The accompanying music video fits Soul Sound well while accentuating why the track was a questionable single choice. It’s set in the room of an apartment building where Mutya is lying on a sofa, Keisha sits cross-legged on a beanbag, and Siobhán is perched on a chest of drawers. Floating above each member is a transparent version of themselves, representing their souls…and that’s about it. There are some neat shots, like Siobhán’s ‘soul’ dancing up the wall, and a similar double-exposure effect is applied to passers-by in the street, making their movements feel blissfully trippy.

Furthermore, the colour palette of the apartment – earthy browns, oranges and reds – bathed in sunlight beaming through the windows creates an inherently relaxing, chilled summer aesthetic. Yet, it’s also distinctly genteel and sedate, with the Sugababes more or less rooted to the spot throughout (not entirely, though; Mutya does, at least, stand up towards the end). Gentle panning shots across the room make Soul Sound feel almost like dynamic music video wallpaper. That fits the song’s mood but equally is the opposite of what a single that needed to make an impact should be doing.

Hard as it is to imagine from something so innocuously pleasant, the music video for Soul Sound was a source of tension between the Sugababes and London Records. The label became concerned that the group’s image as moody teenagers may be off-putting and thus ordered them to smile more in a bid to appear affable. That direction isn’t so obvious as to be jarring; nonetheless, compared to their earlier singles, it suddenly becomes apparent how much the Sugababes are shown grinning for no apparent reason. It’s further evidence – along with choosing to release Soul Sound in the first place – that London Records were starting to exert unwelcome influence over how they thought the group should look and sound.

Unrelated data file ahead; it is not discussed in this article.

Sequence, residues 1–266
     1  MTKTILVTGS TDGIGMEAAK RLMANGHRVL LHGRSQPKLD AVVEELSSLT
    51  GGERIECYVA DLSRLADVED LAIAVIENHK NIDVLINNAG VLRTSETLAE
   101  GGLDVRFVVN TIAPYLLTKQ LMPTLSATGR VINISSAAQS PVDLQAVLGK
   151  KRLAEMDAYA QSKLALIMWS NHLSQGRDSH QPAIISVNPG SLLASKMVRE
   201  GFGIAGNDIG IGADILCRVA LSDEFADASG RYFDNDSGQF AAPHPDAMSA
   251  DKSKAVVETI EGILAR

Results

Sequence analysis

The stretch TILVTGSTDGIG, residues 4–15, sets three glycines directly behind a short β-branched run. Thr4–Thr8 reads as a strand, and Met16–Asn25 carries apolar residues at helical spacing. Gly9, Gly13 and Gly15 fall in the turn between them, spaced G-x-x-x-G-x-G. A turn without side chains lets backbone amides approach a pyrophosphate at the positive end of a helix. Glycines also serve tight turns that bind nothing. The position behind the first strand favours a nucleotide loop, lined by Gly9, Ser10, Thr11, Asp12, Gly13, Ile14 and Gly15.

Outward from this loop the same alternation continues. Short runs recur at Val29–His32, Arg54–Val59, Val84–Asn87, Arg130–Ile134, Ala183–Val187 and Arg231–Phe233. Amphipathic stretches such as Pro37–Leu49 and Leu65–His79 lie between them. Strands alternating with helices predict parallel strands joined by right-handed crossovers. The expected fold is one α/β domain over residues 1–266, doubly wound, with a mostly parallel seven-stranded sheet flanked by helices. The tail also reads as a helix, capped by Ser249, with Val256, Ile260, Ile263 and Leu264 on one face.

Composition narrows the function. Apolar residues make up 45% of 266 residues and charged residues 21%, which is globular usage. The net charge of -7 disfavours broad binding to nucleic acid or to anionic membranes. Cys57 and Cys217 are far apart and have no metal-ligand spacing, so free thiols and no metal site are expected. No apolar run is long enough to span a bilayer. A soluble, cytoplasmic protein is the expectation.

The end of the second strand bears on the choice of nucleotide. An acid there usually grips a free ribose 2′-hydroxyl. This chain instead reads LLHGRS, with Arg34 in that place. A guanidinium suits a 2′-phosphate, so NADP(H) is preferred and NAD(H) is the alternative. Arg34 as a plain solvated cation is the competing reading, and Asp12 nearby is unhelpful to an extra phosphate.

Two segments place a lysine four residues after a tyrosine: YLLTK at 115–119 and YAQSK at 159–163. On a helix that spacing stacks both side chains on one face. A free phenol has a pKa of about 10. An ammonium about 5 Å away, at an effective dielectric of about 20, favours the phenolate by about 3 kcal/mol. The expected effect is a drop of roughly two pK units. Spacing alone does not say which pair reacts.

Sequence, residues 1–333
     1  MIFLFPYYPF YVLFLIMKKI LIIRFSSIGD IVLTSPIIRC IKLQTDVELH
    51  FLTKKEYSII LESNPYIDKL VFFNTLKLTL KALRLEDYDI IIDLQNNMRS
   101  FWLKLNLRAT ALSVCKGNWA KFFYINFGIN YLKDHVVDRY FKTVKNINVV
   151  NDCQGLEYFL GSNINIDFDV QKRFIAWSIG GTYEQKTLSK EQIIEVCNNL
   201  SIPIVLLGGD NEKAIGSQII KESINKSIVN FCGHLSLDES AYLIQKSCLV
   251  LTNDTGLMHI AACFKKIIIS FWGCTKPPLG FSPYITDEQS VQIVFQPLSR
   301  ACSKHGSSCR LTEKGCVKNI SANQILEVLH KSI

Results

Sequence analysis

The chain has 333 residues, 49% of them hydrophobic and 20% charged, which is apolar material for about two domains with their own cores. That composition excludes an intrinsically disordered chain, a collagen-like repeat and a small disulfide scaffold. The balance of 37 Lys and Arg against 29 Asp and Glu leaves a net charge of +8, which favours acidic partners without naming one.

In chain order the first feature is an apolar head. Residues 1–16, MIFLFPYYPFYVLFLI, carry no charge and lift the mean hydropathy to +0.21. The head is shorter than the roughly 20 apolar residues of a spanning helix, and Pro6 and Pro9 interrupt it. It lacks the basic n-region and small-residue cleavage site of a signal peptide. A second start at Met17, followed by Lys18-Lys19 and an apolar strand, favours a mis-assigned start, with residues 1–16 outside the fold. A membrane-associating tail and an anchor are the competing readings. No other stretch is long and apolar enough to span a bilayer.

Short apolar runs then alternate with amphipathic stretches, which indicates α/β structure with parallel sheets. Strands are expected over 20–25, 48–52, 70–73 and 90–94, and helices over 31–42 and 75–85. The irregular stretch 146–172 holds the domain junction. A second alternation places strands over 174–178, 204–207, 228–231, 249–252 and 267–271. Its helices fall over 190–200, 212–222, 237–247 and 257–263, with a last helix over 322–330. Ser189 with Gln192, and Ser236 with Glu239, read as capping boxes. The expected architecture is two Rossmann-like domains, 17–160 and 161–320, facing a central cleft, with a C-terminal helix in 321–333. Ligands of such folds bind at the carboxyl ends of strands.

While the Sugababes did promote Soul Sound, it didn’t do as well on airplay as the previous singles and entered the chart at #30, spending just a fortnight in the top 75. With sales totalling little more than 14,000 copies, it’s the group’s lowest-seller and also among their lowest-peaking songs, ahead only of No Can Do (#32) and Flatline (released as Mutya Keisha Siobhán before they reclaimed the Sugababes name) which reached #50. Furthermore, Soul Sound did little to drive interest in One Touch. The album re-entered the top 100 and climbed to #85 before dropping out again, bringing the campaign to a somewhat muted end.

Yet, while there were arguably better singles to have released instead, certain events that happened next would likely occur anyway, regardless. Amid rumours of in-fighting and bullying, Siobhán quit Sugababes in 2001 (though not by escaping through a toilet window, as was commonly believed to be the case) after being diagnosed with depression. It’s probably a coincidence, but the single cover – which shows Keisha and Mutya talking while Siobhán sits at the side – does feed into the notion of a division between them. London Records later dropped the group due to underwhelming sales of One Touch. They went on to be signed by Island Records and relaunched in 2002 with Heidi Range joining the line-up. In some respects, the Sugababes’ experiences with Soul Sound seemed to help refine their identity moving forward. The new material was great, but the marketing was also so much better as well. While London Records sought to change aspects of the group with Soul Sound, Island seemed more content to let them be who they were musically and visually; pushing those things to the fore immediately landed better for critics and fans alike.

For the time being, Soul Sound marked the end of an era for this iteration of Sugababes until they reunited in 2012 after the group underwent several further line-up changes. But in every other respect, it was just the beginning and perhaps even a necessary commercial blip whose next step catapulted them to the top of the charts less than 12 months later, which is precisely where they deserved to be.